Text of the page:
Yesterday I went looking for a copy of Robert Browning’s The Ring and the Book. I’m reading it on an e-reader which is ok but sometimes in the matter of poetry beauty requires a beautiful vehicle. I didn’t find it but I came home with a fine Bells and Pomegranates: Second Series 10 Euro as well as The Metaphysical Club by Louis Menand, 3 Euro and The Letters of Elia for .50 c.

‘Home Thoughts’ you all read at school while you watched the columns of chalk dust motes rise in a tourbillon of furious apathy. Here it is again evoking a nostalgia for a country perhaps not your own but your very own.



Home-Thoughts, from Abroad

By Robert Browning


   
Oh, to be in England
Now that April's there,
And whoever wakes in England
Sees, some morning, unaware,
That the lowest boughs and the brushwood sheaf
Round the elm-tree bole are in tiny leaf,
While the chaffinch sings on the orchard bough
In England—now!
    And after April, when May follows,
And the whitethroat builds, and all the swallows!
Hark, where my blossomed pear-tree in the hedge
Leans to the field and scatters on the clover
Blossoms and dewdrops—at the bent spray's edge—
That's the wise thrush; he sings each song twice over,
Lest you should think he never could recapture
The first fine careless rapture!
And though the fields look rough with hoary dew,
All will be gay when noontide wakes anew
The buttercups, the little children's dower
—Far brighter than this gaudy melon-flower!


Wednesday, 22 April 2015

Yajnavalkya's 'injunction' to Maitreyi/ Brh.Up. IV.v.6


If you take everything to be true in the Vedas down to the last jot and tittle then you fall into trouble with expressions which seem to be injunctions. Texts like ‘the self should be seen etc’ are problematic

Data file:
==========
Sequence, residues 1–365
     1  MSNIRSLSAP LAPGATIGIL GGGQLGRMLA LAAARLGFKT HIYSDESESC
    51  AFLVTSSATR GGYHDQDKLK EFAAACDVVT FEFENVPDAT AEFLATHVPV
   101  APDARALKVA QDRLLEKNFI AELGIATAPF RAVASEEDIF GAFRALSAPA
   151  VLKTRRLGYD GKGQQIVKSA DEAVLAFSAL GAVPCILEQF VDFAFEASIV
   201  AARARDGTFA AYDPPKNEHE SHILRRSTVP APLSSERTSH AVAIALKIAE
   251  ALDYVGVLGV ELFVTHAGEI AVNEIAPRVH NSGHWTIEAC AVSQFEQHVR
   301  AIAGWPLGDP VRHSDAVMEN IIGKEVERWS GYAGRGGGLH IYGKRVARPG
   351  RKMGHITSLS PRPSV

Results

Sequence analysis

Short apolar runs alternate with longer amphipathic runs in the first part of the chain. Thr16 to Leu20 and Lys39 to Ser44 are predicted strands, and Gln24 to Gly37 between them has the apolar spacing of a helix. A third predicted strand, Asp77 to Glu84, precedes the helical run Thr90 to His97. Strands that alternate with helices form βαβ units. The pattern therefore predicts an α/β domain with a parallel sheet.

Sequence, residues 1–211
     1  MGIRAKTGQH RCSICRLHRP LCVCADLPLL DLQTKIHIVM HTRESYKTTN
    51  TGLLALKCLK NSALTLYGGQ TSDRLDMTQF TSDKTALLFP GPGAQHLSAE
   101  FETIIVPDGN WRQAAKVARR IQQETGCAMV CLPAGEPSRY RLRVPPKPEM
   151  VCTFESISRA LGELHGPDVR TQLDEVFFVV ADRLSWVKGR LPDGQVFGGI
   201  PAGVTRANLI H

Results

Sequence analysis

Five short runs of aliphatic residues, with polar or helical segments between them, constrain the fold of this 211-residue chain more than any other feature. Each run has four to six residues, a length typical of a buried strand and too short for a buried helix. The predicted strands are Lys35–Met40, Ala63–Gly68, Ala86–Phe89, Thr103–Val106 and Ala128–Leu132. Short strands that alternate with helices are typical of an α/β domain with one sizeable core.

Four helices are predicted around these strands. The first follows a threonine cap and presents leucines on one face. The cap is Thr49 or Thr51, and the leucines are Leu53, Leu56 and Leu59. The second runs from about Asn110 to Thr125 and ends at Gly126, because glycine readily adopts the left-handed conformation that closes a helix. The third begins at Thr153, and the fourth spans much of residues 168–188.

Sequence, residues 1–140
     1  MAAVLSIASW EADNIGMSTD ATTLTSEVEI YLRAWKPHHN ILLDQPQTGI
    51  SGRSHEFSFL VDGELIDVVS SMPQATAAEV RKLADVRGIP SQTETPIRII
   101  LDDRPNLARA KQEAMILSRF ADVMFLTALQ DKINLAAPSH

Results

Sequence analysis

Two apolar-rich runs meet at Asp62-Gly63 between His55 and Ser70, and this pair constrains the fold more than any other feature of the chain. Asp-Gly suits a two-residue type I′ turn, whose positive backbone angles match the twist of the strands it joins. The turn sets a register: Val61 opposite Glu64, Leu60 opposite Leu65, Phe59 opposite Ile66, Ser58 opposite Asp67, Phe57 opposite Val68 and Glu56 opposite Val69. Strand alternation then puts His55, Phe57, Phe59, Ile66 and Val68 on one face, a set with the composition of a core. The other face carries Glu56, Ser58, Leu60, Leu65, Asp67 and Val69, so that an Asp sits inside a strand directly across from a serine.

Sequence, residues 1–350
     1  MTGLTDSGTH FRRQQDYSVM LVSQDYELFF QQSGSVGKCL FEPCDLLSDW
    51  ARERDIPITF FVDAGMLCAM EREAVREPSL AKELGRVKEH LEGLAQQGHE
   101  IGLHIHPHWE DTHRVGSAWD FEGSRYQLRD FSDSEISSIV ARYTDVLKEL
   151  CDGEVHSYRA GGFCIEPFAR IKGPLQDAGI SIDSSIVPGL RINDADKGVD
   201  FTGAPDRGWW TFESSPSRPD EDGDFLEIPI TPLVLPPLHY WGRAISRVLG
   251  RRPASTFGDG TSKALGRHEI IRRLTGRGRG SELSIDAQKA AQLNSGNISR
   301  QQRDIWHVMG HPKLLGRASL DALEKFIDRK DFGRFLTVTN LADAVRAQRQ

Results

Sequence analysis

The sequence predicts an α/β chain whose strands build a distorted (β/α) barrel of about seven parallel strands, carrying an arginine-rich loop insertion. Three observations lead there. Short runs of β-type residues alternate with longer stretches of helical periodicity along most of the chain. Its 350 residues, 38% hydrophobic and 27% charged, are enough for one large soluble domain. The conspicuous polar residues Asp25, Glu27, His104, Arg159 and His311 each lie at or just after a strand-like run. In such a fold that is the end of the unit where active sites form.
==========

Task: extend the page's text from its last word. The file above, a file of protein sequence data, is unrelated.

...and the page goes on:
This being so, effective knowledge that the Absolute is one’s own true Self does not proceed from any form of command to act, since its subject-matter is reality in its true nature (knowledge of which is to be passively received). There is therefore no room for an injunction here. pg. 406 M.O.V.

In the Panchapadika Padmapada maintains that they are purely of a figurative nature. They are a form of eulogy somewhat like:
- This is a beautiful country.
- You should see it on a fine day.

I myself am reminded of the idiomatic usage of ‘should’ as in
- If you climb that hill and look to your left you should see old Squire Trelawney’s place.

There is no sense here of an injunction only the carrying out of certain actions. Maitreyi being told ‘It should be seen’, It should be heard about’ by Yajnavalkya has already achieved a profound state of dispassion. She is tired of the eternal round of transmigration. Now ‘at the top of the hill’ as it were, she should see the self.


Sunday, 19 April 2015

Adhyasa/Superimposition as the key to Advaitic Critical Realism


“But availability for empirical experience depends on superimposition” (pg.419 numbered section 142: The Method of Vedanta by Sri S.S.S.)

Even though the Swami is talking about mutual superimposition of the Self and the non-self I think that a tangential truth is expressed about what Vedanta Paribhasa calls perceptuality. In other words, superimposition is the fact whereby the stone out there as an object comes in some sense to be in me, the subject.

Why do we not take the experience in here as a bounded subjective domain in the manner of Idealists (both subjective and objective) and Representationalists/Scientific Realists? Because for Vedantins the Vedas have an intrinsic ‘aboutness’. The language that they are expressed in is eternal, capturing, for all time, and in every eon, universals (vedic words). The action of the enjoined sacrifices is real and effective.

Starting from that foundation a metaphysics is promulgated which can sustain the non-numerical identity of object and mental modification (vritti). In his own way Aristotle squared that circle also.

What about illusion? Does that not break the upadhi link? It was a witty metaphysics that used as a founding analogy the fact of error. It is still the case though that our default assumption is of perception as veridical. Further experience may prove us wrong and we can accept this. We may even test our experience in an experimental fashion: Come let me clutch thee/I have thee not and yet I see thee still. Our realism is critical (krites/judge).